NINA TOTENBERG, BYLINE: In 2008, Robert McCoy's wife, Yolanda, took her infant daughter and fled Louisiana. She went into protective custody in Dallas after her husband held her at knifepoint and threatened to kill her. She left her son with her parents, so he could finish high school and graduate. A month later, McCoy was arrested and charged with killing his wife's parents and her son. A 911 tape recorded Yolanda's mother screaming, she ain't here, Robert. I don't know where she is. The detectives have her. A gunshot is heard and then the line goes dead. From that day to this, although the evidence against him was overwhelming, McCoy has proclaimed his innocence, alleging that the killings were the product of a drug deal gone bad and that police conspired to frame him because he supposedly revealed their involvement in drug trafficking.
Five months after McCoy's arrest, state psychiatric experts found him mentally competent to stand trial. But he was continually at odds with his public defenders, eventually firing them for refusing to file subpoenas he prepared for a dozen witnesses he said could support his alibi defense and other claims. He briefly acted as his own lawyer until his parents hired Larry English to defend him. And even then, the defendant continued to file motions in his own defense. Lawyer English repeatedly advised McCoy to plead guilty in exchange for life in prison or to plead not guilty by reason of insanity. But McCoy refused, insisting that he was innocent.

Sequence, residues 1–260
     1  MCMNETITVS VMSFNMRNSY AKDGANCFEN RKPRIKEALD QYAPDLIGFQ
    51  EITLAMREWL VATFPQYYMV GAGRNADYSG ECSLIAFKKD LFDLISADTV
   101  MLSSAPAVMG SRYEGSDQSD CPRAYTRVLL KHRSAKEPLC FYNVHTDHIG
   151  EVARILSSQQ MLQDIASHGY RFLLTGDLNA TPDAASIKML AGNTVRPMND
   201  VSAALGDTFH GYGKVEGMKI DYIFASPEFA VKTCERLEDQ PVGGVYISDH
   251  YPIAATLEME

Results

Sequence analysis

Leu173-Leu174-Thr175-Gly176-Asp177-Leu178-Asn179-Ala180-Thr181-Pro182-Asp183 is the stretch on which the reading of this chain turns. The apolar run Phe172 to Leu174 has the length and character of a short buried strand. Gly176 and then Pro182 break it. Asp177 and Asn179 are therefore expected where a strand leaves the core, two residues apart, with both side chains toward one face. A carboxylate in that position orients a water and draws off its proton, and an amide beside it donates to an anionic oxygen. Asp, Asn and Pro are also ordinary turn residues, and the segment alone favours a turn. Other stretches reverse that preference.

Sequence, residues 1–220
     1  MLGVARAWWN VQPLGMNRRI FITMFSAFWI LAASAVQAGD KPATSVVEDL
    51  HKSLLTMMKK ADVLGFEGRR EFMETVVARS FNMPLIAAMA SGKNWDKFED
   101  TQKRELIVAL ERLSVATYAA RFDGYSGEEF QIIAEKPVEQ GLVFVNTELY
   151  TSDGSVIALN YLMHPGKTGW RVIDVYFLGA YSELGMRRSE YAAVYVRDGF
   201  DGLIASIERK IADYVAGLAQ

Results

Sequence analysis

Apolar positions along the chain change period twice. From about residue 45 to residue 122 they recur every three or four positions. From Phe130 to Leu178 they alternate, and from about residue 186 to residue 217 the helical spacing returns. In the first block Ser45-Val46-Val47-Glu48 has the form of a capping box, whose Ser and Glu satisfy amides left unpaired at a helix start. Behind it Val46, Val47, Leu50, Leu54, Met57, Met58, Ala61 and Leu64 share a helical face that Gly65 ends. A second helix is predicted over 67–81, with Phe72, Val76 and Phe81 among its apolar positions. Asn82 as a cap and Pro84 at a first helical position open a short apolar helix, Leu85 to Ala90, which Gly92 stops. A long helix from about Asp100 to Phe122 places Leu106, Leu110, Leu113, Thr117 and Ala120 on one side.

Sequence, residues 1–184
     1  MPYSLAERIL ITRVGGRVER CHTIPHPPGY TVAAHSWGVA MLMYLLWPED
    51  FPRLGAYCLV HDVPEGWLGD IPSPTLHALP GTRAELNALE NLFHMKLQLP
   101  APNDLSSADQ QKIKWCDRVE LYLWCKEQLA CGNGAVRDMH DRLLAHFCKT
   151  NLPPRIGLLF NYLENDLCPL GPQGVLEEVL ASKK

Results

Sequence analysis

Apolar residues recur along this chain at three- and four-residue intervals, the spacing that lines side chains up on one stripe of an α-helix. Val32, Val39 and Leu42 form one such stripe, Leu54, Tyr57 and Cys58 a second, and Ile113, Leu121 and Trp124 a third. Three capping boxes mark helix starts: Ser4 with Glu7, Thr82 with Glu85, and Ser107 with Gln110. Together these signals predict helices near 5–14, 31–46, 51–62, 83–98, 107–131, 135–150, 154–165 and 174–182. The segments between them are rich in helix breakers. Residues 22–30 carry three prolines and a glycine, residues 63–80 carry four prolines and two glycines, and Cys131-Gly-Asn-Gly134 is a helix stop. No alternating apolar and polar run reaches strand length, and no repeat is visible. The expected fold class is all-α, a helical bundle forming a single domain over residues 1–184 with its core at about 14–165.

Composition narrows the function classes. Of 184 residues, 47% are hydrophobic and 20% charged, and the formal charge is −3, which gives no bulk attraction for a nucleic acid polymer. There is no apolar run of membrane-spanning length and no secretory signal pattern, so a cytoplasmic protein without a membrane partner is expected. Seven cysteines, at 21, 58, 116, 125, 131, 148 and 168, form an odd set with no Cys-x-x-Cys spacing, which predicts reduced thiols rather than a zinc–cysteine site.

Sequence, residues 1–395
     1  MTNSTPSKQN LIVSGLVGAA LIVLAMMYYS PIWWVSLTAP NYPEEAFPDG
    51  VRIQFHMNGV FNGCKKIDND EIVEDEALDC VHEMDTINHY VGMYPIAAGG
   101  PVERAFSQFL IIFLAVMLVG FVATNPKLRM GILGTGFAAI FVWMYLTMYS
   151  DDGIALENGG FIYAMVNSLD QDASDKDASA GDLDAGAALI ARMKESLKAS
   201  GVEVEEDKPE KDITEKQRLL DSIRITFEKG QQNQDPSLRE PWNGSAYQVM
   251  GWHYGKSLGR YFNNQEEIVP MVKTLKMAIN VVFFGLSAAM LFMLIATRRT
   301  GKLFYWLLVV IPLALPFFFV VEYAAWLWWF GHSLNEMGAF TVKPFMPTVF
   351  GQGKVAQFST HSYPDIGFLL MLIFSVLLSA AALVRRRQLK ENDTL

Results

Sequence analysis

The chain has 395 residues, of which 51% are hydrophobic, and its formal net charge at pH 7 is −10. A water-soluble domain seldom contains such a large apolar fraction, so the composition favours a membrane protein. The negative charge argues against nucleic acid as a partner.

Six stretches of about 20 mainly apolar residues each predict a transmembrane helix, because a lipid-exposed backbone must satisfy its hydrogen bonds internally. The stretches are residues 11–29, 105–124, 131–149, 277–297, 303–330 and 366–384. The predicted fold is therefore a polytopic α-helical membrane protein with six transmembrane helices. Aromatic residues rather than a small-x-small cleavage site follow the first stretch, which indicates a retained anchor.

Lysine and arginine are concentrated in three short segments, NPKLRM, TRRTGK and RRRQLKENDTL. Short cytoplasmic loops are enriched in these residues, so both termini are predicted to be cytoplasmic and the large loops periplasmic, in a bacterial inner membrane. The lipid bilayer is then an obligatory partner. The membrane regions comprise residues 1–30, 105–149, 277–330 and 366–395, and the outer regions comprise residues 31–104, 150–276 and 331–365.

Finally, English embarked on a strategy of conceding his client's guilt in hopes of avoiding the death penalty. Directly contradicting his client's instructions, he suggested that McCoy suffered from diminished mental capacity and should, therefore, only be convicted of second degree murder. But as the prosecutor would soon explain to the jury, that defense was legally unavailable to McCoy because Louisiana only allows a diminished capacity argument if the defendant has pleaded not guilty by reason of insanity. It was one of many mistakes English appears to have made during the trial. Throughout, McCoy kept interrupting his lawyer's concessions of guilt, even trying to fire him. The jury ultimately sentenced McCoy to death. And the question today is whether he was denied his constitutional right to counsel.